Unfortunately the car's owner, James Willis was far from keen on a replica being built and would not sanction the use of the tooling. However Peter Swann at Pilkington Glass on the Isle of Sheppey kindly supplied me with a marked out sheet of brown paper giving me the size and shape, and from that I was then able to fabricate an aluminium mock-up (shown below). Eventually this mock-up will be utilised to create new tooling and a short run of new laminated glass screens.

This wasn't the end of our difficulties with the screen however as we now had to source the rubber seal which on the original cars lies very flat with the body and has a black insert. Rather unusually the glass is larger than the body opening and the profile of the rubber looks something like the one in the middle below which is available from Baines of Tunbridge Wells. I say available but they want a minimum order of 100 metres which makes it pretty expensive unless you plan to build quite a few cars. So I looked around for other possibilities and eventually bought sufficient for one car from Woollies, with a plastic-chrome insert ~ I expect we may be able to tint it black, or maybe the chrome will look good on the car.

The Plan

Andrew and I agreed that,with me based in Kent and he, near Birmingham, he would develop the shape of the bonnet, wings and nose-cone while I would progress the main body shape and side windows. Brian's idea had been that BMC would never have mass-produced the car as-built for Dick Jacobs, with sliding side-screens as by that time the wind-up window model was already in the pipeline. He, Brian, intended to use the later style doors with the stainless steel quarterlights of the 1500 model, merely re-shaping the window glass to suit the coupé and forming them in scratch-resistant Perspex. I soon discovered when I started drawing up the body shape that this was not going to work, the Spridget windscreen being at a much more upright angle than that of the Coupé ~ see my 2 sketches on the left. I therefore decided that we would have to make up new aluminium window frames incorpor -ating fixed quarter-lights but using Perspex to the same curvature as the production Midget. So the first job was to make a former on which the Perspex could be formed - this done using aluminium sheet and angle, glued and bolted together (photo, right).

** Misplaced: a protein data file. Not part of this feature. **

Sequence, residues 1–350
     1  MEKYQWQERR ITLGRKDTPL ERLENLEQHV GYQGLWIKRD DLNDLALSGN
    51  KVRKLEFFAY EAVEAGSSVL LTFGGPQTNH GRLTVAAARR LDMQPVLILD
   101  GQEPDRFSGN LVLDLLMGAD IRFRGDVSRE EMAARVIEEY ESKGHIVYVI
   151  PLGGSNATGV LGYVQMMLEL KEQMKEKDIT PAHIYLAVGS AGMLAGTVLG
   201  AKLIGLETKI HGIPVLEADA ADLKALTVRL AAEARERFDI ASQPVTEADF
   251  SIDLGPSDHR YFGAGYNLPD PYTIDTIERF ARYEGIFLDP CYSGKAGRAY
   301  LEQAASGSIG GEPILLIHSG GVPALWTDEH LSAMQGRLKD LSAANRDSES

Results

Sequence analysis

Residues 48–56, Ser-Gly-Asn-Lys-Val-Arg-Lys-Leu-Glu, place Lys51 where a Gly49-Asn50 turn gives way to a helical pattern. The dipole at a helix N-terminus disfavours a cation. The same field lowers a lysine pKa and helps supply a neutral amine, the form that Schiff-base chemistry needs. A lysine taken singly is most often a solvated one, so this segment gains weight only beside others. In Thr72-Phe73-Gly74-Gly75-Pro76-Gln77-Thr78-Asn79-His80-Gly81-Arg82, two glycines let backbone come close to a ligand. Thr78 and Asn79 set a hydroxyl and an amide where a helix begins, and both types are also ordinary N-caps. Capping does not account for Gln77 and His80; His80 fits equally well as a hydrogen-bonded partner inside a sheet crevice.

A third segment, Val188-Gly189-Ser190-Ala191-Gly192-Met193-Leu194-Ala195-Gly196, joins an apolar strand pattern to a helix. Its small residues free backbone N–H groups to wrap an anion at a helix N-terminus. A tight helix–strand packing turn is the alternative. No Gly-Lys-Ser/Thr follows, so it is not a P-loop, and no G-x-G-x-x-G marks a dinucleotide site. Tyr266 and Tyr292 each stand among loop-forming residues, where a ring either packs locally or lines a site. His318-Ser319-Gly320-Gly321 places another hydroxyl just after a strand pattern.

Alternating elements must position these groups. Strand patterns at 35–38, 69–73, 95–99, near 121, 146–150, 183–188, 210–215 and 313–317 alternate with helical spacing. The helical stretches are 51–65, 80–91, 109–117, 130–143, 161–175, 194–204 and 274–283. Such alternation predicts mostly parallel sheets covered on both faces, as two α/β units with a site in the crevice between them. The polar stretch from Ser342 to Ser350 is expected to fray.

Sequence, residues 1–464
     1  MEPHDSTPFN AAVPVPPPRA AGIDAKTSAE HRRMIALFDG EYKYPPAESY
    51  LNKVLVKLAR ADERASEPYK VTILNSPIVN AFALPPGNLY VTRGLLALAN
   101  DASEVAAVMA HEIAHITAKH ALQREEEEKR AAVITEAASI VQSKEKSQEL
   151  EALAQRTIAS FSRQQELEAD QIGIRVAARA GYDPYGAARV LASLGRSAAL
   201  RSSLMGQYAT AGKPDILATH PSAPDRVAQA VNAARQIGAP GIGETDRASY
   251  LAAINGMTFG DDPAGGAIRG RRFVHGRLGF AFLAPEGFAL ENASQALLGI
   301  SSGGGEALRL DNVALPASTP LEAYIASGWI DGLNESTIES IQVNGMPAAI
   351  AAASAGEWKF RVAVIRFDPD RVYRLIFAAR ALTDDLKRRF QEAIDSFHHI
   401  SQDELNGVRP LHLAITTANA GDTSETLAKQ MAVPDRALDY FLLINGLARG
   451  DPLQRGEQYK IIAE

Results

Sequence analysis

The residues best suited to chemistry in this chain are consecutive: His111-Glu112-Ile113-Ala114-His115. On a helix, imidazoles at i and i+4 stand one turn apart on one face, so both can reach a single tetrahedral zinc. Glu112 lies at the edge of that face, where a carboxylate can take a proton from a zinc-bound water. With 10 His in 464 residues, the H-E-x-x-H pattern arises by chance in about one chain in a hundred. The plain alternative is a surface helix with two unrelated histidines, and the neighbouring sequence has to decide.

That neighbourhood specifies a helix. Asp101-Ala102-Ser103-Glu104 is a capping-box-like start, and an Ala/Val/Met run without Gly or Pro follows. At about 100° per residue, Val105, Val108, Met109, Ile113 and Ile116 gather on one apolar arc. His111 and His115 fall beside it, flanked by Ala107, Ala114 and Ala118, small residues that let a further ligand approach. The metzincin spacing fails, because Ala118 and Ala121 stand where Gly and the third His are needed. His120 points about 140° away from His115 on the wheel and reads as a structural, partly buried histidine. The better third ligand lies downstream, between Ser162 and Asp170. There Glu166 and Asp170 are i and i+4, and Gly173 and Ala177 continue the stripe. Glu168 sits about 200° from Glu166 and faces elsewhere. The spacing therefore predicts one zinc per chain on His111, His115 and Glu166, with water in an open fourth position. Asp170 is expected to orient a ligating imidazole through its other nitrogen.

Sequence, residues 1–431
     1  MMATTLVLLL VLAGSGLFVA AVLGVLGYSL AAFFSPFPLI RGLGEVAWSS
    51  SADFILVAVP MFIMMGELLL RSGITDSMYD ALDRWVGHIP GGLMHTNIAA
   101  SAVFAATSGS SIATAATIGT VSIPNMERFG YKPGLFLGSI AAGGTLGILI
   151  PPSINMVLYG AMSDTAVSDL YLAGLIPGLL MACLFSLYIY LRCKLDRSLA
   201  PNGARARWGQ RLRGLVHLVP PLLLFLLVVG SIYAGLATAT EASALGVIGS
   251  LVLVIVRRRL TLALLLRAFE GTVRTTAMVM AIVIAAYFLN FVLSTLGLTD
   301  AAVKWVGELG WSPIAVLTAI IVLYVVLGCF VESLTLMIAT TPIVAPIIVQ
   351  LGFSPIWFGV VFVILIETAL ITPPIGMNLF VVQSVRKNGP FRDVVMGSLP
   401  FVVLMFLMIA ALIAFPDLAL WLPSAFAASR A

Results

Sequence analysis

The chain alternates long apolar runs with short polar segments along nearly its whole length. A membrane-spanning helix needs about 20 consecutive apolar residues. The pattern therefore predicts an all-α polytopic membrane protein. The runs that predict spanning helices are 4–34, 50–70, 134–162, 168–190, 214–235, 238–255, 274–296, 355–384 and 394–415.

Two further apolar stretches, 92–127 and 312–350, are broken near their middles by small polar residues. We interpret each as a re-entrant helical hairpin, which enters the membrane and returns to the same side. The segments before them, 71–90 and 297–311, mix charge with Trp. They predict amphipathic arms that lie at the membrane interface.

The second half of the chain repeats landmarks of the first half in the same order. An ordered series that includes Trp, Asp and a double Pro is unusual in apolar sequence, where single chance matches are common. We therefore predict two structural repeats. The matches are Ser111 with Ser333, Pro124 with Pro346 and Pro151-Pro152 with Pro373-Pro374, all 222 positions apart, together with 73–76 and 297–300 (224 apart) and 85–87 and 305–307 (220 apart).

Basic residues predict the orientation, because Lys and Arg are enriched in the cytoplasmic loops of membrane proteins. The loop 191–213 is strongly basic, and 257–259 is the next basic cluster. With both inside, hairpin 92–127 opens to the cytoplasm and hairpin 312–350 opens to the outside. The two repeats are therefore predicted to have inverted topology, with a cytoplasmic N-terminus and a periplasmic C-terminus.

Creating the Buck

My brother-in-law, John Harrison, was disposing of his very tired '69 Midget so I bought it as a donor. Most of it was so rotten it went to the tip, but the engine and gearbox went into my Sebring Sprite for a time and I salvaged a wing and the front valance. Then Stephen Bowen offered me a body-shell which had been restored and fitted with round-arch rear wings. I had to then convert it back to square arches like the original coupés by riveting on a couple of repair panels. I spaced them out a few millimetres to give a little more room for removal of the wire wheels. The dummy windscreen was then attached to the scuttle. Next, I decided to erect a central spine to the shape of the original car. By enlarging sections of a side-on photo and enlarging them to full-size, then attaching them to a piece of MDF, I eventually got the shape. I checked it for height in various places and checked the relationship between the centre of the axle and the lip over the rear window. The MDF was then cut to shape. So I now had a basic profile.